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    A disgruntled user on the official Blizzard forums mentioned how the worst part of Diablo II was the DiabloWikiinventory management. Bashiok attempted to put these fears to rest and outlined some of the improvements that have been made in Diablo 3.  He also clarified that they are still working on improving inventory management even further.

    Diablo III has a larger inventory. An enormous shared DiabloWikistash. Items take up less space. We don’t encourage carrying tons of potions. No identify scrolls/tomes. No TP scrolls/tomes. We don’t have charms. And we’re still evaluating some of the other inventory items, which could free up even more space. Yes, you will need to go back to town every once in a while but I don’t think it’s quite as severe as some are imagining it to be.

    With the removal of the DiabloWikiNephalem Cube for breaking unwanted items down and the DiabloWikiCauldron of Jordon to sell items due to happen in Patch 10 this will certainly mean visiting town more often than is currently happening in the beta but it won’t be nearly as frequent as it was in D2.

    Bashiok followed up with even more detail about concerns on parties behind held up by inventory management.

    After a lot of playing at high levels we realized returning to town and breaking up the action is actually good. There are some more designery reasons that reinforce all of this, but the bottom line is that the action is very important, and being actively engaged in the action. Being able to be out and killing for hours and hours straight was negating the fun elements. Just like a story arc has highs and lows, a game needs to promote those ups and downs through its mechanics.

    As far as harming co-op, there’s really no difference now. Before you’d say “WAIT UP” and everyone would have to stop while you examined each item and decided to sell, salvage, or keep it. In the best case scenario everyone would agree to stop and do this at the same time. It’s no different than everyone agreeing to head back to town, and in fact it provides a more prominent, not to mention safe, pause point where everyone can take care of a few quick tasks, and then head back out.

    Say your friend’s inventory is full, but yours isn’t, well you both decide to TP and while he’s going through his bag you have time to craft a few things, or alt+tab free of fear to read reddit or something. Whatever. It’s not different to the co-op game because you had to stop before, and the benefits to being in town now are actually pretty substantial.

    I am not going to “wait up” for someone.
    Then you will die. You’re going to have to stick together to survive, and that’s going to force groups to stop together. It’s a lot better for everyone if that stopping point is in-town, for the aforementioned reason that not everyone takes the same amount of time to complete the same tasks, and there’s more things that can be accomplished in town. Not to mention it’s safer if you need to grab some more Cactus Cooler or take a bio break.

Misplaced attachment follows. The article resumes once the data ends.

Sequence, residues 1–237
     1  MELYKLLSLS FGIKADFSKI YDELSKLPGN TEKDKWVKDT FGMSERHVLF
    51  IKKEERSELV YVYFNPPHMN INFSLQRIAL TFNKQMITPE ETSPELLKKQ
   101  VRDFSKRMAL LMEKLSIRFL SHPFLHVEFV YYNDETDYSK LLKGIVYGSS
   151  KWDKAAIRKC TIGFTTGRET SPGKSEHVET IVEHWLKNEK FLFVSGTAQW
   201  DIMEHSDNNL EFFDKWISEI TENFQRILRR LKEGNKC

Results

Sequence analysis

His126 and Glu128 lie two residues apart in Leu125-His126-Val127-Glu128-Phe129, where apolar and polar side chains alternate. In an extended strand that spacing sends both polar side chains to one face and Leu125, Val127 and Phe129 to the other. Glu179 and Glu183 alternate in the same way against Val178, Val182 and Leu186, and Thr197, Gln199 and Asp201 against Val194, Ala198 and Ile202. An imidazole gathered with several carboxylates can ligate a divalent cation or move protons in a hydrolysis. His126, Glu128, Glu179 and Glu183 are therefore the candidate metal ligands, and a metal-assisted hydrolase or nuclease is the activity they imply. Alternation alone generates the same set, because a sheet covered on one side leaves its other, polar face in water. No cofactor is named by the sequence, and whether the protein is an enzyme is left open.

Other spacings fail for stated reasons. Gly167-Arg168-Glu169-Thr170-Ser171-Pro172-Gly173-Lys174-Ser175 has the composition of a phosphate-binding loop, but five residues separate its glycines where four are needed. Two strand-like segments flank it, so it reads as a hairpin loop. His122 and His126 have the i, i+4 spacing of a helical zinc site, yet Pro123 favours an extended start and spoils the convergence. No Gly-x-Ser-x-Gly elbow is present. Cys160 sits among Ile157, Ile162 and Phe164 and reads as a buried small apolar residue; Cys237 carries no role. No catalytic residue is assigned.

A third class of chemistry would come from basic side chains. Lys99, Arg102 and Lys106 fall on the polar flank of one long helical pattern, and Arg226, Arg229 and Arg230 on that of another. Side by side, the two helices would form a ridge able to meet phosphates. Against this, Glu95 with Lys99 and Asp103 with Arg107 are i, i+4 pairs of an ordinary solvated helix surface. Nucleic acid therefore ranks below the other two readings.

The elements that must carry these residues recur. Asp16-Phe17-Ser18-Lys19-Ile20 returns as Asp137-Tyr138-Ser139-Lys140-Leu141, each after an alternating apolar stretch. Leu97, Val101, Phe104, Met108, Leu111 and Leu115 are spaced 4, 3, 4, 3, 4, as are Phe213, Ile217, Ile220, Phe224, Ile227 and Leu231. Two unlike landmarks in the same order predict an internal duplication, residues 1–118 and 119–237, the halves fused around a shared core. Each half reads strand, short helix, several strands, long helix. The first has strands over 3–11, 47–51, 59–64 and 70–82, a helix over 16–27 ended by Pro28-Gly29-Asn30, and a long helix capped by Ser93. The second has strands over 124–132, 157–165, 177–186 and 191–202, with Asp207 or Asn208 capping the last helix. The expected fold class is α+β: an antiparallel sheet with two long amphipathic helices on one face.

If you played the beta at all, you realize that you struggle with this decision pretty much the entire time you are out in the game world with a party. Every 15 seconds or so there’s a side room, a stray monster drop, a slab/pot/tile/rack/urn/coffin/etc off to the side or down some dead end hallway or stairwell (entire sections or dungeons are already easily recognizable as being dead ends before you even get 5 steps into them), and you have to decide to pursue that interest in the name of picking up an item to salvage/vendor or to stay with the group.
    That is absolutely the case, but you’re not thinking about how that dynamic changes when the game is actually difficult. Beyond Normal if you take off to go clear that side room on your own and either you will die, the rest of your group will, or both.

    So now Blizzard is intentionally interrupting my experience?
    Managing your inventory is and has absolutely always been an integral part of the Diablo experience. Picking up items and deciding which ones to keep, equip, or otherwise is the game. When it comes down to it that is the entire point of the entire game. Killing demons to get item drops, and those item drops being ‘dealt with’ in some way.

    You had to stop and manage your inventory before. You have to do the same thing now. The difference is a 2 second cast timer to head back to town and a right click on the Blacksmith. You’re going to be just fine.

    It’s true sometimes everyone has things to do in town that take more than a few minutes so you might have time to read websites or craft or make something to eat but it depends how often in one evening’s play you want to do that, as opposed to quickly breaking down/selling items out in the field and then cracking on with the action.

    Thanks to Crudesash68 for mailing this in.

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